Discharge prescription practices may contribute to medication overuse and polypharmacy. We aimed to estimate changes in the number and types of medications reported at inpatient discharge (versus admission) at a tertiary care pediatric hospital.
Electronic medication reconciliation data were extracted for inpatient admissions at The Hospital for Sick Children from January 1, 2016, to December 31, 2017 (n = 22 058). Relative changes in the number of medications and relative risks (RRs) of specific types and subclasses of medications at discharge (versus admission) were estimated overall and stratified by the following: sex, age group, diagnosis of a complex chronic condition, surgery, or ICU (PICU) admission. Micronutrient supplements, nonopioid analgesics, cathartics, laxatives, and antibiotics were excluded in primary analyses.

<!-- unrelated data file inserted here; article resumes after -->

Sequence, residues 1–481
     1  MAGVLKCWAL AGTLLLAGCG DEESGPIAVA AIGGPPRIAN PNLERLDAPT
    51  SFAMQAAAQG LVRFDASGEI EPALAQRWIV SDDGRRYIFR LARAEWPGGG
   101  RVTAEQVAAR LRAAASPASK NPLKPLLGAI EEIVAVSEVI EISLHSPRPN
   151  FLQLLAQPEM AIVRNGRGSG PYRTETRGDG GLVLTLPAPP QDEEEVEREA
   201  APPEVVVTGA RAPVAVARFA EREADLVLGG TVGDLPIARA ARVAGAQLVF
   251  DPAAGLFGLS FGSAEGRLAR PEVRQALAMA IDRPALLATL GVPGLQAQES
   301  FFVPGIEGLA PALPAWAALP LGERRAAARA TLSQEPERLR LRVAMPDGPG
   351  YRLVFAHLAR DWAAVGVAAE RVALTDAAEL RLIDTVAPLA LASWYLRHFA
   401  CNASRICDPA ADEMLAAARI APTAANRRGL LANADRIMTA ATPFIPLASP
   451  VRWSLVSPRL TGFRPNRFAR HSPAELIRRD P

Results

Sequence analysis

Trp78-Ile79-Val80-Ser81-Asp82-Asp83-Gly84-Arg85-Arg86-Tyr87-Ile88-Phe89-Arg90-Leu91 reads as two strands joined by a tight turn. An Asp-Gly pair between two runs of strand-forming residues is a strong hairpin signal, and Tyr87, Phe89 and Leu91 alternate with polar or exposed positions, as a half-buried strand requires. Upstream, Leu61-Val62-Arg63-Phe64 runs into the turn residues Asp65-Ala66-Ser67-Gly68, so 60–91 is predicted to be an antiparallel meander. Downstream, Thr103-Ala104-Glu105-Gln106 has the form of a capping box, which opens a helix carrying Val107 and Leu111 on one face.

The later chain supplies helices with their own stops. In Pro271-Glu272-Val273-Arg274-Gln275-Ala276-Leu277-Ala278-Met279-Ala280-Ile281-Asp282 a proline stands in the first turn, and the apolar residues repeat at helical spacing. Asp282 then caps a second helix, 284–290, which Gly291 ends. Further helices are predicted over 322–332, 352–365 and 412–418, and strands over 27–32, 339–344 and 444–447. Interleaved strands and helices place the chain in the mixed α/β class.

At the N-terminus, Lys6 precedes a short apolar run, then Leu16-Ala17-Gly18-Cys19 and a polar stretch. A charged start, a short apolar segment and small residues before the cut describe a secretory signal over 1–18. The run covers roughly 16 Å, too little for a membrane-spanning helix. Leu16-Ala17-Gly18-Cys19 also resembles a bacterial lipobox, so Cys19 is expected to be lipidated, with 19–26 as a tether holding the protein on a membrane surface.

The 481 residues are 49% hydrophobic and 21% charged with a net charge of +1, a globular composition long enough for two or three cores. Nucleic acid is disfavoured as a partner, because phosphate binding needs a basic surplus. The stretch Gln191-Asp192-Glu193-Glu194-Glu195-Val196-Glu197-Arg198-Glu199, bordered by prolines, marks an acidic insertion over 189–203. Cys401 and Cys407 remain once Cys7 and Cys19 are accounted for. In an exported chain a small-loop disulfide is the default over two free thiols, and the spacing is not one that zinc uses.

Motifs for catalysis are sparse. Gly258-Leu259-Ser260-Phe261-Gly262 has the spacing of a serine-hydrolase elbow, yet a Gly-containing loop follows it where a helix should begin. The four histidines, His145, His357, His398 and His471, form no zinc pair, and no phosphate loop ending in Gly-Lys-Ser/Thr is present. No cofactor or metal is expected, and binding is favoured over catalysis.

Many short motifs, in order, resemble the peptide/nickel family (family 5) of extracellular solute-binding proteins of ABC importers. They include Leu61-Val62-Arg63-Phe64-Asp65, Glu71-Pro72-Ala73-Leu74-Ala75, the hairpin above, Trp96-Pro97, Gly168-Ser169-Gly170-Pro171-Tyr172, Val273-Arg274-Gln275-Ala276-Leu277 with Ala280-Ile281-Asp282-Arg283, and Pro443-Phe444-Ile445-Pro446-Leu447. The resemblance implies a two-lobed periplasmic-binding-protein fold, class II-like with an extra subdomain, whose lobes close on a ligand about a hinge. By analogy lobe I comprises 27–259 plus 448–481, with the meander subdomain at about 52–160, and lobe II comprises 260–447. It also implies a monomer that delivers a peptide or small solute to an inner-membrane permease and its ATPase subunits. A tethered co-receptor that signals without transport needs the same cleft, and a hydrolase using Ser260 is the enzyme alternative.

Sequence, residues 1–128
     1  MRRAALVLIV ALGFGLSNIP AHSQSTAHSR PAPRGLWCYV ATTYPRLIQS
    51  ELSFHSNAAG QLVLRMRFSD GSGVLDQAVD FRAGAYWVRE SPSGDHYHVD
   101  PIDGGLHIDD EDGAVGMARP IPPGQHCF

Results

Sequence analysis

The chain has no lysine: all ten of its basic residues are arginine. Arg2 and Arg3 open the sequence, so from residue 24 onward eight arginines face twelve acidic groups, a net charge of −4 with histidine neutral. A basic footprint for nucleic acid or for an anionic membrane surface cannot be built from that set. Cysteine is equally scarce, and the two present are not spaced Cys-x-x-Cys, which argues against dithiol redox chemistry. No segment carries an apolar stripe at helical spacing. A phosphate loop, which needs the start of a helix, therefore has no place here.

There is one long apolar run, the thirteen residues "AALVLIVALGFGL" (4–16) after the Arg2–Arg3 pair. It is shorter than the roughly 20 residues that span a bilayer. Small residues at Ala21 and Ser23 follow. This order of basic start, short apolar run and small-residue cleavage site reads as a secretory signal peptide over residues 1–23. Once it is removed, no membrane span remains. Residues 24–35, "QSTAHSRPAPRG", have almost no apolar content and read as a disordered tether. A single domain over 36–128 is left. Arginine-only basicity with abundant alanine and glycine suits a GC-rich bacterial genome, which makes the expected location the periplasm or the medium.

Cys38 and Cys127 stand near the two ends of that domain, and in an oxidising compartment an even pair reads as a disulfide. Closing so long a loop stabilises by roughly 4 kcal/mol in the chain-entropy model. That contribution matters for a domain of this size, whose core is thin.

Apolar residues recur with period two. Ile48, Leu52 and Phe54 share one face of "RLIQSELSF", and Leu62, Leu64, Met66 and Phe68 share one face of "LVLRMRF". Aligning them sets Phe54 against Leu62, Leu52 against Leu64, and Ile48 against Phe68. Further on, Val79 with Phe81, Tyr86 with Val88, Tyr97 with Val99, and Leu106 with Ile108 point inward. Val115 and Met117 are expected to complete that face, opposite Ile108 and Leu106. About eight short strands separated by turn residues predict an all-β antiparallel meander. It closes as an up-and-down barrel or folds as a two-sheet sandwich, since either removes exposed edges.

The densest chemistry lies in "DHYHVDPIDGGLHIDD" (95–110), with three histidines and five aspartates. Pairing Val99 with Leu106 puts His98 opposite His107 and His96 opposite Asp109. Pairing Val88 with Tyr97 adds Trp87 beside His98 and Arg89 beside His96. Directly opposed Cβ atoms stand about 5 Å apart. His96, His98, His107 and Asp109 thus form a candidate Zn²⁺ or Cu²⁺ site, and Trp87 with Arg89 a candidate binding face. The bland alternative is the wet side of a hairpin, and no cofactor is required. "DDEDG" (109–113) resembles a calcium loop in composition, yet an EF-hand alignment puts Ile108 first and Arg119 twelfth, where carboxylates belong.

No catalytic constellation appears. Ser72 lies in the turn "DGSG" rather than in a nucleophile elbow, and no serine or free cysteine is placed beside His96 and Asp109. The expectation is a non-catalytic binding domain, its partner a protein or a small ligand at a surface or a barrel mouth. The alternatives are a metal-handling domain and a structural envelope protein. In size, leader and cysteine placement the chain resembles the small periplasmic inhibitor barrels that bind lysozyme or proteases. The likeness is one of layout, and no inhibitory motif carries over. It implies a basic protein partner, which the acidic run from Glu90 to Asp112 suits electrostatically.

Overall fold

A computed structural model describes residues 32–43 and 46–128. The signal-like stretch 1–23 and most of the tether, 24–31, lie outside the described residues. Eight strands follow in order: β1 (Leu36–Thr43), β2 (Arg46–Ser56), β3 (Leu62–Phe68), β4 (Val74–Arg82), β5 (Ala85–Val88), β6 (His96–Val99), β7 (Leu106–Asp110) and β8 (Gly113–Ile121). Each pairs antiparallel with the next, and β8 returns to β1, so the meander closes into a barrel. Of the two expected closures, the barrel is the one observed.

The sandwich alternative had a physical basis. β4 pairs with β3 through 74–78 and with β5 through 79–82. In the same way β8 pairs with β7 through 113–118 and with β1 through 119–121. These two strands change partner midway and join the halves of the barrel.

Medication counts at discharge were 1.27-fold (95% confidence interval [CI]: 1.25–1.29) greater than admission. The change in medications at discharge (versus admission) was increased by younger age, absence of a complex chronic condition, surgery, PICU admission, and discharge from a surgical service. The most common drug subclasses at discharge were opioids (22% of discharges), proton pump inhibitors (18%), bronchodilators (10%), antiemetics (9%), and corticosteroids (9%). Postsurgical patients had higher RRs of opioid prescriptions at discharge (versus admission; RR: 13.3 [95% CI: 11.5–15.3]) compared with nonsurgical patients (RR: 2.38 [95% CI: 2.22–2.56]).
Pediatric inpatients were discharged from the hospital with more medications than admission, frequently with drugs that may be discretionary rather than essential. The high frequency of opioid prescriptions in postsurgical patients is a priority target for educational and clinical decision support interventions.